Was it the offensive line? The receivers? The coaching? The quarterback? In reality, it was a little bit of everyone. The stars on the team did not perform to their ability, and the role players looked bad at times.

The Cowboys vaunted offensive line surrendered six sacks, and Dak Prescott appeared to be under duress all afternoon. Of course, this doesn't all fall on the offensive line, though. Prescott could not find open receivers down field often, even when they were there to be found.

So, once the All-22 came out on NFL Gamepass, I decided to take a look and see who's "fault" each of the six sacks was. Of the six (one of which looked more like failed quarterback draw) I placed three "on" the offensive line/pass protection and two "on" Dak Prescott.

Let's examine a few of these sacks in greater detail.

dalvscar2018 sack 1

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The first time the Panthers got to Prescott looked way too easy. Backed up in their own territory the Cowboys came out in the I-formation with a tight end inline on the right side. Prior to the snap Carolina shifts their weakside linebacker over the left tackle, creating a two-over-one situation on the backside.

This should have been a red-alert for a blitz, and should've been communicated across the line of scrimmage. Instead, with veteran center Travis Frederick out, there seemed to be communication issues.

Tyron Smith steps down to take care of his inside gap, allowing the blitzing weakside backer to run free. On paper, this should be Ezekiel Elliott's man, but that is a damn-near impossible block for him to make coming across the formation.

Still, it is his responsibility, and he fails to pick up that block. This sack falls "on" the pass protection, but it really has to do more with poor pre-snap communication.

dalvscar2018 sack 2

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Later on in the game we see one of the sacks which really falls on Dak Prescott. The Cowboys come out in trips to the near side, and Ezekiel Elliott and a tight end stacked to the right. Carolina once again shows two-over-one, this time over the right tackle.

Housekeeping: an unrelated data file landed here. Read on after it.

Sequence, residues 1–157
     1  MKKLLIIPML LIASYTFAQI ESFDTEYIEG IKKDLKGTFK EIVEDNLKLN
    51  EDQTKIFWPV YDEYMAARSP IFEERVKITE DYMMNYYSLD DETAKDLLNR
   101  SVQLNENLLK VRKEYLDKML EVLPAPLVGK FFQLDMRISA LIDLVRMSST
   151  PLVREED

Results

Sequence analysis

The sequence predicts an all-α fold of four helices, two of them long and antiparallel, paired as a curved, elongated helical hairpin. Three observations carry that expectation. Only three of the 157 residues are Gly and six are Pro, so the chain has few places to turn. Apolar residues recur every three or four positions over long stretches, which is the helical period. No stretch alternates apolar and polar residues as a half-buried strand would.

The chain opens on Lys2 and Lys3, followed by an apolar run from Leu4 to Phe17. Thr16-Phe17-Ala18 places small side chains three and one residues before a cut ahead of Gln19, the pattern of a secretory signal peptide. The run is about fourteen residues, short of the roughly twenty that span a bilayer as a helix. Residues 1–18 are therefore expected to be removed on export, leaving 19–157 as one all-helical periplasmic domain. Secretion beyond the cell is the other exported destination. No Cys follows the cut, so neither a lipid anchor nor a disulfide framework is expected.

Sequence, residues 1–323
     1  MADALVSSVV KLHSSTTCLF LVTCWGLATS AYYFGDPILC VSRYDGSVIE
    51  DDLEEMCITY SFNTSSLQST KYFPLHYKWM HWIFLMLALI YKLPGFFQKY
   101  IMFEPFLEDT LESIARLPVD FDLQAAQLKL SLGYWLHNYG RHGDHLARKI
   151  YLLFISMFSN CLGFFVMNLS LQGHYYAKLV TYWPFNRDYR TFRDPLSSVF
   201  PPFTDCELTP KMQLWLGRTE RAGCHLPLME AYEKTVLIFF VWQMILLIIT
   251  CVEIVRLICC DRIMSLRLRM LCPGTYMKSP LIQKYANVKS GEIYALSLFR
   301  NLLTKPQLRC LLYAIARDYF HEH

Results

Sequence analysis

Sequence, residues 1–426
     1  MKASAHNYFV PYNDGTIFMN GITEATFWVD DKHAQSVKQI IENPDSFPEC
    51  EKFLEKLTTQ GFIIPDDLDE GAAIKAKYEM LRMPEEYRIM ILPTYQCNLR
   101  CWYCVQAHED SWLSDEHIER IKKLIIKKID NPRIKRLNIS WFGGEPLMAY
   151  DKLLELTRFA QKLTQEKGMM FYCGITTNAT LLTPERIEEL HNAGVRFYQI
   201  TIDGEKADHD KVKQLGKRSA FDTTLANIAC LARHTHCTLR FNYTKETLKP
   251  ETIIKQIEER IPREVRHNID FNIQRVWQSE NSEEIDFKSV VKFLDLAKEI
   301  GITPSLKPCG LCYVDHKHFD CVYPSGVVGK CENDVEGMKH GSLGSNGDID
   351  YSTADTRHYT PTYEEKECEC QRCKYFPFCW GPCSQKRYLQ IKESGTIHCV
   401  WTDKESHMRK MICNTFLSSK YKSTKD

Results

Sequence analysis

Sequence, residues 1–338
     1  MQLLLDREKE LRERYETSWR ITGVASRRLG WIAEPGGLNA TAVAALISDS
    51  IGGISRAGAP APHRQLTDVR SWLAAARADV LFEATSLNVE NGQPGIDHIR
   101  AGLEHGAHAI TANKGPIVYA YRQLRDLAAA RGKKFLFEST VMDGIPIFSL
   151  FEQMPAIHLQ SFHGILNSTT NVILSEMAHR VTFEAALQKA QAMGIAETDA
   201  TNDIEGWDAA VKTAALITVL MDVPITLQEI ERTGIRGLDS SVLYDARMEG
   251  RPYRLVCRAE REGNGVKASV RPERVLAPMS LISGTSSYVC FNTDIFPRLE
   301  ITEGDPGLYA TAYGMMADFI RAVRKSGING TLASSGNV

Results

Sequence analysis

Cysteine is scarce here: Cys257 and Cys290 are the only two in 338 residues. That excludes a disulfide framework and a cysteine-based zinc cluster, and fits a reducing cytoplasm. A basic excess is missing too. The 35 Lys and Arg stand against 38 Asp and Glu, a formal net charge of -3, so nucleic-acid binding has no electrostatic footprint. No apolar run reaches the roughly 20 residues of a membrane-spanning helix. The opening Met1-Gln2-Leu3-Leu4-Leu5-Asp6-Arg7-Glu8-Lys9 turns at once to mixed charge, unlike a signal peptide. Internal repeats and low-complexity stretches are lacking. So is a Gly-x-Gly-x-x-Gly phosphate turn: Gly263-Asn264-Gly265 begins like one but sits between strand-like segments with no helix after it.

This screams blitz, and Elliott is able to step up and take the blitzer head on this time. The interior is where this pass protection breaks down, as left guard Connor Williams gets flat-out beat by the 3 technique.

Despite being beat relatively quickly, there's no excuse for Prescott to take a sack here. He has his tight end flashing open quickly in the middle of the field, and has the option to tuck it and run with green grass in front of him if he doesn't want to try to fit it between zones as well.

Prescott has to process the coverage and blitz quicker here to avoid the negative play. He also has to run more often, but that's another point for another post.

dalvscar2018 sack 4th qr

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This third sack falls mostly on the offensive line, and once again can be attributed to poor communication on the interior. Carolina brings a bit of a modified cross-dog blitz, with the 2i technique defensive tackle occupying both Williams and Looney, allowing for the blitzing linebacker to run free through the b-gap.

Joe Looney and Connor Williams have to communicate this better. Williams completely turns his hips and shoulders rather than staying square, and is unable to slide off the 2i to the linebacker. Looney should take the down lineman over, allowing Williams to slide off.

This has more to do with lack of familiarity than anything else, and is actually somewhat encouraging. This should get better as the season goes on.

dalvscar2018 sack 4th qr 2

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dalvscar2018 sack 4th qr 2 wide view

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These final two clips are the same play, just from different angles. I wanted to highlight how sometimes, you just get beat, and I don't think you can really blame any one person alone.

From the end-zone angle you can clearly see Connor Williams get beat by the 3 technique once again, and on first view it appears the sack is his fault. But when you really look at the whole play progression, you see that both the play design and Dak Prescott are also to blame.

Carolina is in two-deep coverage attempting to avoid the big play. Dallas is already down multiple possessions and with time running out, they know they can just sit back and play this type of off-coverage.

Dallas is looking to push the ball vertically down the seams, but both deep safeties are able to sit on the hash and just wait for the receivers to reach them on their route. You could argue that Prescott should have hit the hitch route on the far side, but it doesn't appear to be on his radar.

Overall, Carolina just won on this play. Sometimes that happens, those guys get paid to play too.

If there's a conclusion to be drawn, it's that just about everyone was bad at Sunday. If Dak Prescott, the offensive line, Ezekiel Elliott, the receivers, and the coaches are all this bad going forward, it's going to be a long season.

But, as you can see, simply getting some familiarity with one another and communicating better should help this offense develop throughout the season.